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Why American Farmers Are Hacking Their Tractors With Ukrainian Firmware (vice.com) 500

Tractor owners across the country are reportedly hacking their John Deere tractors using firmware that's cracked in Easter Europe and traded on invite-only, paid online forums. The reason is because John Deere and other manufacturers have "made it impossible to perform 'unauthorized' repair on farm equipment," which has obviously upset many farmers who see it "as an attack on their sovereignty and quite possibly an existential threat to their livelihood if their tractor breaks at an inopportune time," reports Jason Koebler via Motherboard. As is the case with most modern-day engineering vehicles, the mechanical problems experienced with the newer farming tractors are often remedied via software. From the report: The nightmare scenario, and a fear I heard expressed over and over again in talking with farmers, is that John Deere could remotely shut down a tractor and there wouldn't be anything a farmer could do about it. A license agreement John Deere required farmers to sign in October forbids nearly all repair and modification to farming equipment, and prevents farmers from suing for "crop loss, lost profits, loss of goodwill, loss of use of equipment [...] arising from the performance or non-performance of any aspect of the software." The agreement applies to anyone who turns the key or otherwise uses a John Deere tractor with embedded software. It means that only John Deere dealerships and "authorized" repair shops can work on newer tractors. "If a farmer bought the tractor, he should be able to do whatever he wants with it," Kevin Kenney, a farmer and right-to-repair advocate in Nebraska, told me. "You want to replace a transmission and you take it to an independent mechanic -- he can put in the new transmission but the tractor can't drive out of the shop. Deere charges $230, plus $130 an hour for a technician to drive out and plug a connector into their USB port to authorize the part." "What you've got is technicians running around here with cracked Ukrainian John Deere software that they bought off the black market," he added.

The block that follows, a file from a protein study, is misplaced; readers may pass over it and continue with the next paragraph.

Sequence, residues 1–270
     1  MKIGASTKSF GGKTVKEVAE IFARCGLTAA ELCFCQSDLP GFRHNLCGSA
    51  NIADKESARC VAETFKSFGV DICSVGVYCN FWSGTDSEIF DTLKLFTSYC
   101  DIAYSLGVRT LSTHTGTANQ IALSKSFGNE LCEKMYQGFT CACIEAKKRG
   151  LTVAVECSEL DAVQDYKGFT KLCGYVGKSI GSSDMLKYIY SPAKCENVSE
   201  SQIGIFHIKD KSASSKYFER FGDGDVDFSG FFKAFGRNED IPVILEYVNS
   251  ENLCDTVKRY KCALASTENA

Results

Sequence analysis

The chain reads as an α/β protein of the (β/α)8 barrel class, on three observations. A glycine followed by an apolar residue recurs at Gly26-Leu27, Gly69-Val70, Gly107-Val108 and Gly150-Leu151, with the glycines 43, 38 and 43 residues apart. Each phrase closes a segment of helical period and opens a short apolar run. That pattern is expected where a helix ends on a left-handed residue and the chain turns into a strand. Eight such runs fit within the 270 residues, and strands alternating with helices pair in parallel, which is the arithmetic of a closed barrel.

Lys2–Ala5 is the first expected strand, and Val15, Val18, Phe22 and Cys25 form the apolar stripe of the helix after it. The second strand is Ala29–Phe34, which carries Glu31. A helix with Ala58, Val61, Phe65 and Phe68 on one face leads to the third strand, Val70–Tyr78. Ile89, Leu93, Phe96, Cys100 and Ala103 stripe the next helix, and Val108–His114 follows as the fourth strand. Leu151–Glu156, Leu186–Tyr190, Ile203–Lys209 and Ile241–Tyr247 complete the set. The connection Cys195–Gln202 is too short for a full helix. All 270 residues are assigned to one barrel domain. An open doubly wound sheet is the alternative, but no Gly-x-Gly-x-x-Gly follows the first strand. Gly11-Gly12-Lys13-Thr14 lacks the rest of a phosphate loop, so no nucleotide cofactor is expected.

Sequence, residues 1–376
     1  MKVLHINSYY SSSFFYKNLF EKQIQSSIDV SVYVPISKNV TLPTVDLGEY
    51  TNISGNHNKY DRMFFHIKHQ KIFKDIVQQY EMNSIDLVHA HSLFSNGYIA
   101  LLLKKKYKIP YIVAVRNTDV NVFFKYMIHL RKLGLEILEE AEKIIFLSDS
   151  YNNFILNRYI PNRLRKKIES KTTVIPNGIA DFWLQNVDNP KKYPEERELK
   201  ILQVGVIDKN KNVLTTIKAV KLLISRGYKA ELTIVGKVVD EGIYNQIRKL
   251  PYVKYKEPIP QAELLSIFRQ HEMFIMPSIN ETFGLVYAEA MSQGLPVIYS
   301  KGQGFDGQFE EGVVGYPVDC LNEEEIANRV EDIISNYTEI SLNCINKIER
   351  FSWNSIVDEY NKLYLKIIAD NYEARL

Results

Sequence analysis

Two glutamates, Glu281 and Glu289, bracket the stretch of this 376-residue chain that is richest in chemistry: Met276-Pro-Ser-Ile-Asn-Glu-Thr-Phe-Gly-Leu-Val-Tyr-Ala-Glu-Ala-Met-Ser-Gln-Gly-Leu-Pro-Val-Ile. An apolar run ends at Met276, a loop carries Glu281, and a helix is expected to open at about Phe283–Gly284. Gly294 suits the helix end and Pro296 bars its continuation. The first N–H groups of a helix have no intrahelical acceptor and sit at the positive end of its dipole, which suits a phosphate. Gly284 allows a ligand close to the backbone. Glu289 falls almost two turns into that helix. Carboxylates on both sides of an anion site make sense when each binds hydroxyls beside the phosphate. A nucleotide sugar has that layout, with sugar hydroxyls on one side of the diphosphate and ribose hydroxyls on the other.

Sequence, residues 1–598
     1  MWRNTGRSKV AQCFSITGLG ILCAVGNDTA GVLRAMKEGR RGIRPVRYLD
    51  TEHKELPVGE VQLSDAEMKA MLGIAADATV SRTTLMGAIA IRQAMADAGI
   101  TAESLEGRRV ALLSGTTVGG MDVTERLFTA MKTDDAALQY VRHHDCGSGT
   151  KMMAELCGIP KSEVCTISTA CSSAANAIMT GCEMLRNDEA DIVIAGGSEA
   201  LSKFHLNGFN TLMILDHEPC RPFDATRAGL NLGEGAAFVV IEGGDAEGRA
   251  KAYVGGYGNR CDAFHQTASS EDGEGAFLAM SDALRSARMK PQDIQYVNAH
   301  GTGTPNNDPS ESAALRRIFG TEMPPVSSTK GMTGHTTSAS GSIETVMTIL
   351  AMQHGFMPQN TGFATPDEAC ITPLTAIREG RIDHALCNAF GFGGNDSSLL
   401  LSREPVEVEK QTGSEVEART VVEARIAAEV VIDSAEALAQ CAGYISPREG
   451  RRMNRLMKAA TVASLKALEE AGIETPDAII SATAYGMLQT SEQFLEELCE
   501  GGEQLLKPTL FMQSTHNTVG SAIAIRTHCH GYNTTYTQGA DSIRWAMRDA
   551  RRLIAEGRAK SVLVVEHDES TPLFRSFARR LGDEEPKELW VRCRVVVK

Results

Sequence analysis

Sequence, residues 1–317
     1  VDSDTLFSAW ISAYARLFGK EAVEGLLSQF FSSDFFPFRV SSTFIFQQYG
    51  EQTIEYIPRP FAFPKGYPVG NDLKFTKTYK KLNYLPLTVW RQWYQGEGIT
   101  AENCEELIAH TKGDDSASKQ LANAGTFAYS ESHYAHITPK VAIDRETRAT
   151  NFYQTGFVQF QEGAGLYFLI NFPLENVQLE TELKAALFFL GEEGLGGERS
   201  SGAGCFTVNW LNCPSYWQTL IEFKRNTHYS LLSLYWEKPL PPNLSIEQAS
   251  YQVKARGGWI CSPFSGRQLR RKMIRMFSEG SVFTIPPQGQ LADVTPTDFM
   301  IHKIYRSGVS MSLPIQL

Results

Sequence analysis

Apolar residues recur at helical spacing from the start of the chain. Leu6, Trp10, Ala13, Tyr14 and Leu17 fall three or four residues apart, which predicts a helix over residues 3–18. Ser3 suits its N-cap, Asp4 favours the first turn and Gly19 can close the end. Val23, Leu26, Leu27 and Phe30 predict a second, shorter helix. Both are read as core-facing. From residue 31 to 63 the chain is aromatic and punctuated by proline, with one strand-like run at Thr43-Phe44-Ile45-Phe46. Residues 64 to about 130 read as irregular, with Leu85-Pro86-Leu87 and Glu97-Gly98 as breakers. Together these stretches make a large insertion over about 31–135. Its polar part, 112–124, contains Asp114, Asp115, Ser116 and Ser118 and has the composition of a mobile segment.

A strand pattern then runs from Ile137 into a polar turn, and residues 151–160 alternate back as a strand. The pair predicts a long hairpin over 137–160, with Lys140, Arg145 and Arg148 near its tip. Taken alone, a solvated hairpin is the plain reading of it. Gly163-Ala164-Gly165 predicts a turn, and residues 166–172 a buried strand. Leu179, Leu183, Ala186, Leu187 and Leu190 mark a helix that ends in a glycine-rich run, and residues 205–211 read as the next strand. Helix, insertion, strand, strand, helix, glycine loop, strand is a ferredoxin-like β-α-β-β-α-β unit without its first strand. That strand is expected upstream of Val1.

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Why American Farmers Are Hacking Their Tractors With Ukrainian Firmware

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  • by tinkerton ( 199273 ) on Wednesday March 22, 2017 @06:08AM (#54086681)

    As is the case with most modern-day engineering vehicles, the mechanical problems experienced with the newer farming tractors are often remedied via software.

    As is the case with most tech products, they try to reduce you to a user, not an owner. Maybe the farmers were tired of the tractor stopping in the middle of the field, and starting projecting ads on the windscreen while downloading an upgrade.

  • by Anonymous Coward on Wednesday March 22, 2017 @06:13AM (#54086697)

    The problem with a company like John Deere is they loose touch with their customers. John Deere obviously forgot that they service the farmer not the other way around. This too me would have a negative affect on new equipment purchases as well. Growing up in a farming community I know that many farmers do a lot of their own maintenance on equipment. Like any of us saving a little money and avoiding driving that big tractor to a dealer seems like a no brainer. Sadly this kind of behavior is happening to cars and trucks too, where the manufacture wants to lock the DIY out of fixing their cars.

    • The problem with a company like John Deere is they loose touch with their customers.

      Seems to me they have their customers in a fairly tight grip, by the balls, one could even say.

      • by Mashiki ( 184564 ) <mashiki@NospAM.gmail.com> on Wednesday March 22, 2017 @07:26AM (#54086907) Homepage

        Seems to me they have their customers in a fairly tight grip, by the balls, one could even say.

        Actual truth. I grew up in a county that was heavy farming with a city industrial base, the friend I had in high school who were in farming families and are still doing it and many of them have long since moved off Deere equipment. Most are using either Fendt or Mahindra simply because of what you're talking about. Dropping $90k(CAD) for a base model Deere is what drove people away from them. The bullshit they're pulling now is just driving them to their competition, especially when you can get the same from a rival company for 1/3 or less with exactly the same warranty coverage.